Whenever possible, we chose recycled, natural, and renewable building materials.
Posts for the Thelma Babbitt Room — an octagonal, post-and-beam meeting space, pictured here — were milled from white pine grown on Harris Center lands. The knee braces were made from bent oak, maple, and birch trees, also harvested from Harris Center-managed property. The huge Douglas fir rafters and compression ring were recycled from a mill building in Massachusetts, built in the early 1900s.
The clapboard siding is made from cement, sand, and wood fibers, and is resistant to rot and insect damage.
The kitchen flooring is a resilient material made from recycled automobile tires and reprocessed commercial roofing materials.
Linoleum — made with all natural materials, including linseed oil, wood flour, rosin binders, and dry pigments, mixed and rolled onto a natural jute backing — was used for the bathroom floors.
Much of the original wood flooring was reused by patching existing rooms with flooring removed from the north wing of the old building. All new wood flooring is FSC-certified yellow birch from sustainably-managed forests.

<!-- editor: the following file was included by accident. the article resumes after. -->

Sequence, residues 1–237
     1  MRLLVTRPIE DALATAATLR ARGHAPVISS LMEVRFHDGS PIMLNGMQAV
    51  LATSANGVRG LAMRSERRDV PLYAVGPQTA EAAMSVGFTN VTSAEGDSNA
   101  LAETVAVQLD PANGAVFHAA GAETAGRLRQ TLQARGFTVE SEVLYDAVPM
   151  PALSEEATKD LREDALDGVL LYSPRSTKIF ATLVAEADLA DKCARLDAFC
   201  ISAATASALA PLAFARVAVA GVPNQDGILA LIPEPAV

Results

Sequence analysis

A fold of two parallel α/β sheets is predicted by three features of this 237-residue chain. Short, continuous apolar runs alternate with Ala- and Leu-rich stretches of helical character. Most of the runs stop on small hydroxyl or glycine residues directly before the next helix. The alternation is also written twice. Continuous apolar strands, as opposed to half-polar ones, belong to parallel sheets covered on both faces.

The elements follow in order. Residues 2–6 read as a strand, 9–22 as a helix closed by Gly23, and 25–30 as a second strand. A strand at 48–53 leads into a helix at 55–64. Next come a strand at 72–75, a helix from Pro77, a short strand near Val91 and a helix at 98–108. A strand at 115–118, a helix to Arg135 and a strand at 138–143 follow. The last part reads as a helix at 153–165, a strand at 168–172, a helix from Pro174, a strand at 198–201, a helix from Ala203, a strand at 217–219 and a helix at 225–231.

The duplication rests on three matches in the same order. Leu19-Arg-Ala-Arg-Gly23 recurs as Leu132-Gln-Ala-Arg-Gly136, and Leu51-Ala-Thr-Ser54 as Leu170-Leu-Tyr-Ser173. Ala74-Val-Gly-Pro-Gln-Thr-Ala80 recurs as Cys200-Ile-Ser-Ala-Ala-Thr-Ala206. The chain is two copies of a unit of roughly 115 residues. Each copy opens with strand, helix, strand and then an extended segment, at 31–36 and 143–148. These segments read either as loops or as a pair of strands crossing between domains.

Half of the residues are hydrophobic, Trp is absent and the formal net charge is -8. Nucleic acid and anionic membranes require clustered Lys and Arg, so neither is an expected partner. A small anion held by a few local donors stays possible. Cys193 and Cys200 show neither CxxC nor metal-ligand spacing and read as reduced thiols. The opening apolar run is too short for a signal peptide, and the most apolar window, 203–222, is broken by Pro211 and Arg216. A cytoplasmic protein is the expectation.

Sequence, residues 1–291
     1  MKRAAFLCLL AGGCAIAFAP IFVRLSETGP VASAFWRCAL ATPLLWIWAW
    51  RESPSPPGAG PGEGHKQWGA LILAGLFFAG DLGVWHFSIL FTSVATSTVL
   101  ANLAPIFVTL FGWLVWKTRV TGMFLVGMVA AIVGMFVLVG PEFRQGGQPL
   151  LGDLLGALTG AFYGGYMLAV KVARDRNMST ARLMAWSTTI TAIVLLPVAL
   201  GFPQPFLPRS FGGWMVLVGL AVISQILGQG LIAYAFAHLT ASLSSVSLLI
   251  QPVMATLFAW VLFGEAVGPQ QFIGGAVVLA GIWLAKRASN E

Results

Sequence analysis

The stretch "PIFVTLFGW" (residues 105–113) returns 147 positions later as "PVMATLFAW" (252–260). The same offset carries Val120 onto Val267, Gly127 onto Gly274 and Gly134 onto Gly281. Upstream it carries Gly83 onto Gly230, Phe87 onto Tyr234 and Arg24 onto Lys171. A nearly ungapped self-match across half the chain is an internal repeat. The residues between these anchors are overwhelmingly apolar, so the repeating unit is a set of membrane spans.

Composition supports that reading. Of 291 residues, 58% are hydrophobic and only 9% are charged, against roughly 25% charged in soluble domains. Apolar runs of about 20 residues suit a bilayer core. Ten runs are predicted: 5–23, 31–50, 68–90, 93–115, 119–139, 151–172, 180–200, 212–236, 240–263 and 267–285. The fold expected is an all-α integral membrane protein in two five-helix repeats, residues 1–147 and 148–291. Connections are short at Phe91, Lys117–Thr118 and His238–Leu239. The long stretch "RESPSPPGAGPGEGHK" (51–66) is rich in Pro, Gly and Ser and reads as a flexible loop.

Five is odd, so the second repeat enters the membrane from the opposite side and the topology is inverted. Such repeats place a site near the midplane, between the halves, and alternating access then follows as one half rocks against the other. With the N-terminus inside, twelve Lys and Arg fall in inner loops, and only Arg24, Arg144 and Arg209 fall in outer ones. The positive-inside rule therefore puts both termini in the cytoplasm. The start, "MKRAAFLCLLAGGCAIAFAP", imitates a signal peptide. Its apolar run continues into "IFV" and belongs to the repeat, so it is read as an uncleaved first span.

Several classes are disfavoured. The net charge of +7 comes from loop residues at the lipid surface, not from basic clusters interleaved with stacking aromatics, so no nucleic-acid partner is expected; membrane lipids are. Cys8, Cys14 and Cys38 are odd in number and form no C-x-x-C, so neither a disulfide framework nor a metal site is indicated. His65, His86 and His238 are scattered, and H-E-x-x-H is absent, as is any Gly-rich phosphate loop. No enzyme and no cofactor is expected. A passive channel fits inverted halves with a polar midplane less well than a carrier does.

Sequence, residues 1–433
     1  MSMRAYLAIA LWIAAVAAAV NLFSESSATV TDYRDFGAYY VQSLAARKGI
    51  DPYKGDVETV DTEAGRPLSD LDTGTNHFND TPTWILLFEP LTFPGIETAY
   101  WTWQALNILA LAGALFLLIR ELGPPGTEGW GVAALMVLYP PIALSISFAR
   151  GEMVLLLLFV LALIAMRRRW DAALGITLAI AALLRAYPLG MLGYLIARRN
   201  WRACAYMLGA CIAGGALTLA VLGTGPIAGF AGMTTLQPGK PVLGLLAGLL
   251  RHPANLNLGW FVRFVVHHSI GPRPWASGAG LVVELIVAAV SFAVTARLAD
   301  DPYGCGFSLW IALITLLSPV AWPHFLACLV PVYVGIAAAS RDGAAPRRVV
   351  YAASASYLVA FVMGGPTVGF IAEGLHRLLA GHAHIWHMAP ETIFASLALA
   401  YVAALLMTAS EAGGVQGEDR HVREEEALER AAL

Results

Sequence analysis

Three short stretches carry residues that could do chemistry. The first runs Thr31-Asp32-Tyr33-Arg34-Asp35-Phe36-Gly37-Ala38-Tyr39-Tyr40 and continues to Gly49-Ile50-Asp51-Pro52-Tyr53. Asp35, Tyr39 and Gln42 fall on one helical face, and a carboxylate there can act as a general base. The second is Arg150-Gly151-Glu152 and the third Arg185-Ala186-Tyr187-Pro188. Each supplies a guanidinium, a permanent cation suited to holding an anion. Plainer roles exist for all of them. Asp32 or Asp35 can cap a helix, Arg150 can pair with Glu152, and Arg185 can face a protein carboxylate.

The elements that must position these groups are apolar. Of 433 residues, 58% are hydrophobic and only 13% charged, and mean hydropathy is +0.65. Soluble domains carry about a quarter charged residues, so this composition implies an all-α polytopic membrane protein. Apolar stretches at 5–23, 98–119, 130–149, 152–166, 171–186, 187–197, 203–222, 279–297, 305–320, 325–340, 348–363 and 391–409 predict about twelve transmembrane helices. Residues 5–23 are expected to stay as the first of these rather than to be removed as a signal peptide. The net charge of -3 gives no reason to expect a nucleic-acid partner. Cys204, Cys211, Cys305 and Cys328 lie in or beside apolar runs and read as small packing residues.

Office carpeting consists of individual carpet tiles made with 100% recycled backing.
The planks used on all four outdoor decks were made from recycled plastic grocery bags and waste wood. Both second floor decks are surrounded by railings and balustrades made from recycled, century-old cypress salvaged from river bottoms in the southeastern U.S. In addition, all outdoor pressure-treated structural lumber was preserved using EPA-approved ACQ, a water-based formula that is arsenic- and chromium-free.
To minimize exposure to Volatile Organic Compounds (VOCs), we used only water-based stains and clear finishes, as well as formaldehyde-free wheat board for cabinetry.